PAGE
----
Supply issues expected to impact grocery stores this holiday: 'I can't find cranberries!'

Experts say perishable items like dairy and meat are particularly susceptible to supply problems.
PHILADELPHIA (WPVI) -- Grocery stores will soon be packed with those last-minute Thanksgiving shoppers.

The question is: will those shoppers be able to find everything they need?

Action News found one couple at Acme in Bala Cynwyd who has their Thanksgiving shopping all but done.

"Put it in the big freezer," said Ademona Ogundele of Merion Station. "And all the bread and ingredients that go with it."

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But there's one ingredient they still can't find.

"I like to make cranberry sauce from scratch, but I can't find cranberries!" said Patricia Ogundele, who says she's tried multiple stores with no luck.

Action News also checked in with Wegmans Food Markets.

A spokesperson issued this statement saying, "Raw material and labor shortages, as well as transportation constraints, are impacting businesses the most, and it's expected to last well into next year. While we continue to have some out of stocks in our stores, we're in good shape for our customers' upcoming holiday celebrations."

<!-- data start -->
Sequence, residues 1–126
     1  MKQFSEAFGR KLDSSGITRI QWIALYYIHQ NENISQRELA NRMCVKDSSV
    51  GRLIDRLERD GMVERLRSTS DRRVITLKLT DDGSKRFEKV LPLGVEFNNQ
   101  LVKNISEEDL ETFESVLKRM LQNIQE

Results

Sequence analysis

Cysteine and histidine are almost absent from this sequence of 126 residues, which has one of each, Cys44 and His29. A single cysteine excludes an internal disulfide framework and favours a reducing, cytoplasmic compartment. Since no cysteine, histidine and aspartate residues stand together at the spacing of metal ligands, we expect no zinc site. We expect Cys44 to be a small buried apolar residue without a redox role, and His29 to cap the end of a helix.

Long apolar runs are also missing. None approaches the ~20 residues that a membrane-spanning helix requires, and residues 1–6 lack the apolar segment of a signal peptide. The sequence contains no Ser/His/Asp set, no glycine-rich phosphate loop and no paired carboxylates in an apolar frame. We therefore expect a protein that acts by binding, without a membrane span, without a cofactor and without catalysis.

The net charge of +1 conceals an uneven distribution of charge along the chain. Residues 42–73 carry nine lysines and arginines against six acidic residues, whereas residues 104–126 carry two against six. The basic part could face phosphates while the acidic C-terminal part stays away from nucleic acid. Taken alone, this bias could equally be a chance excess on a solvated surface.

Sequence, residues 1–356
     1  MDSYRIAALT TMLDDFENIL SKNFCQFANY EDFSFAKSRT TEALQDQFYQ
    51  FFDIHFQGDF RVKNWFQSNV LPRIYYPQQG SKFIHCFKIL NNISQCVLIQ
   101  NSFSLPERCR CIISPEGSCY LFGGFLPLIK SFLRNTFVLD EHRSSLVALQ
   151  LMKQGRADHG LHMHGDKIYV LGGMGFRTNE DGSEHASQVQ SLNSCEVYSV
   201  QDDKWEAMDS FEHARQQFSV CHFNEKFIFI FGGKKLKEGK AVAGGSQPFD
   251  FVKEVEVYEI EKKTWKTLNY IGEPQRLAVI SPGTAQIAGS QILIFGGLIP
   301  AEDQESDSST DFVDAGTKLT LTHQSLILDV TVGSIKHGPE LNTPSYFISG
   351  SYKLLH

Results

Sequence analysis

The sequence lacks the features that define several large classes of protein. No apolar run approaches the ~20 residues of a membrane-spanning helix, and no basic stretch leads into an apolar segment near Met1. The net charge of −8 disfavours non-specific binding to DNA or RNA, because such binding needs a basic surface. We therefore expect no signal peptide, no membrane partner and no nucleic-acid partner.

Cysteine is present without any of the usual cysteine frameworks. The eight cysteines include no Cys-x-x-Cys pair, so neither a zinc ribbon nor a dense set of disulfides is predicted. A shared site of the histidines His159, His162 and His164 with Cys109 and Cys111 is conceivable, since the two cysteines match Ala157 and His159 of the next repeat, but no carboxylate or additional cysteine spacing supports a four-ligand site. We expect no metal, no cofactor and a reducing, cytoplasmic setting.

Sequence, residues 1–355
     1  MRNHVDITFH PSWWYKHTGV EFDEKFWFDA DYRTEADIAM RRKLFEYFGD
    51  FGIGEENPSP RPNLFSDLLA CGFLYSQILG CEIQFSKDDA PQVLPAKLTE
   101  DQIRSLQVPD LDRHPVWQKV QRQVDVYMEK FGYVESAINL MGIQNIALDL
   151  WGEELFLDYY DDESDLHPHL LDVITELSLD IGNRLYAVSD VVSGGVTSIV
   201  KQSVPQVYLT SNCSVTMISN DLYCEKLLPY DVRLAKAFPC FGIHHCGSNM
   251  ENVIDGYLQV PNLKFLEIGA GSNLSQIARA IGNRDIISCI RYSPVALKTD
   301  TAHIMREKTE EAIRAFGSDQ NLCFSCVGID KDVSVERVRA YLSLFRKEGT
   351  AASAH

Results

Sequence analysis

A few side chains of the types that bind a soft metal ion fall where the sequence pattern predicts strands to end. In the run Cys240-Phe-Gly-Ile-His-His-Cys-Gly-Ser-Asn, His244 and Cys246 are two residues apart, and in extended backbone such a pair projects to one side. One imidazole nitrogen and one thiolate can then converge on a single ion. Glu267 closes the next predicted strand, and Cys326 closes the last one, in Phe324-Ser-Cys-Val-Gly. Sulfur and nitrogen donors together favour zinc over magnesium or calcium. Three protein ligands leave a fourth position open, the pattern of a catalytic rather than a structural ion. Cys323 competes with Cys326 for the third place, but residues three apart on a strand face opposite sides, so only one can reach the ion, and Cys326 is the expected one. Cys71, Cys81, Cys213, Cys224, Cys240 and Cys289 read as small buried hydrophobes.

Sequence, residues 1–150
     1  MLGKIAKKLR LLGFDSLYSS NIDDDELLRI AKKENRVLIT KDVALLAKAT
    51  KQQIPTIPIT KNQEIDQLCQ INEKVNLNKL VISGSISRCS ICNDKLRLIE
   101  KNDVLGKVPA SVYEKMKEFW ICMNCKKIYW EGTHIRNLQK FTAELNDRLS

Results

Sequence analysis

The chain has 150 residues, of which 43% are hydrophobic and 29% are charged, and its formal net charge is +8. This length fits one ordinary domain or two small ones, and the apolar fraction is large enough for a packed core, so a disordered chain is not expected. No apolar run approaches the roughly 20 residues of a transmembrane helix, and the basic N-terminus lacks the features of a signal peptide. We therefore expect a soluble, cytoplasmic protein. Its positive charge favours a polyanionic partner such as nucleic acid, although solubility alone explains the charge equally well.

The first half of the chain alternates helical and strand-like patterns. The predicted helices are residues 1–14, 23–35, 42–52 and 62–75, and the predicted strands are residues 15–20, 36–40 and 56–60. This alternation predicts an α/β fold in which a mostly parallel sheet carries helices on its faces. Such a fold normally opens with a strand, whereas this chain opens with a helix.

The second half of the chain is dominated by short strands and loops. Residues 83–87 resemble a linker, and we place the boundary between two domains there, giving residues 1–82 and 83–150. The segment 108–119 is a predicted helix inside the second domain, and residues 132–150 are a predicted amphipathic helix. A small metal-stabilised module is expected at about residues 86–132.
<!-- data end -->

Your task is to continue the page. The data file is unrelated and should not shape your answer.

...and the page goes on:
While grocery store shelves now are nothing like the early days of the pandemic, labor shortages and supply chain problems mean prices have gone up this year.

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With the countdown to Thanksgiving underway, companies are warning that some turkeys and all those trimmings may be harder to find this year.

In the Philadelphia area, food at home prices have gone up 4% between April and October, according to the U.S. Bureau of Labor Statistics. And meat, poultry, fish and eggs are up 9.5% in the same period.

"Everything is so high. A ham that we might've paid $12 for last year is over $20 now," said Pam Sessoms of Wynnefield.

And holiday demand will likely make things worse.

Kathleen Iacocca, professor of management and operations at Villanova University, says you might be able to save some money by shopping local, even if it's within a chain retailer.

"The stores that were proactive and really started to focus on picking up more suppliers, developing that stronger relationship with local suppliers, are the ones that we see that have more stocked shelves right now," said Iacocca. "Locally sourced food does not have as long of a supply chain, so it doesn't have the same labor costs and shortages and the same distribution costs that we see for other items."

Experts say perishable items like dairy and meat are particularly susceptible to supply problems.

Another tip from Iacocca: be realistic and flexible about where you shop, what brands you buy and what's on your grocery list.

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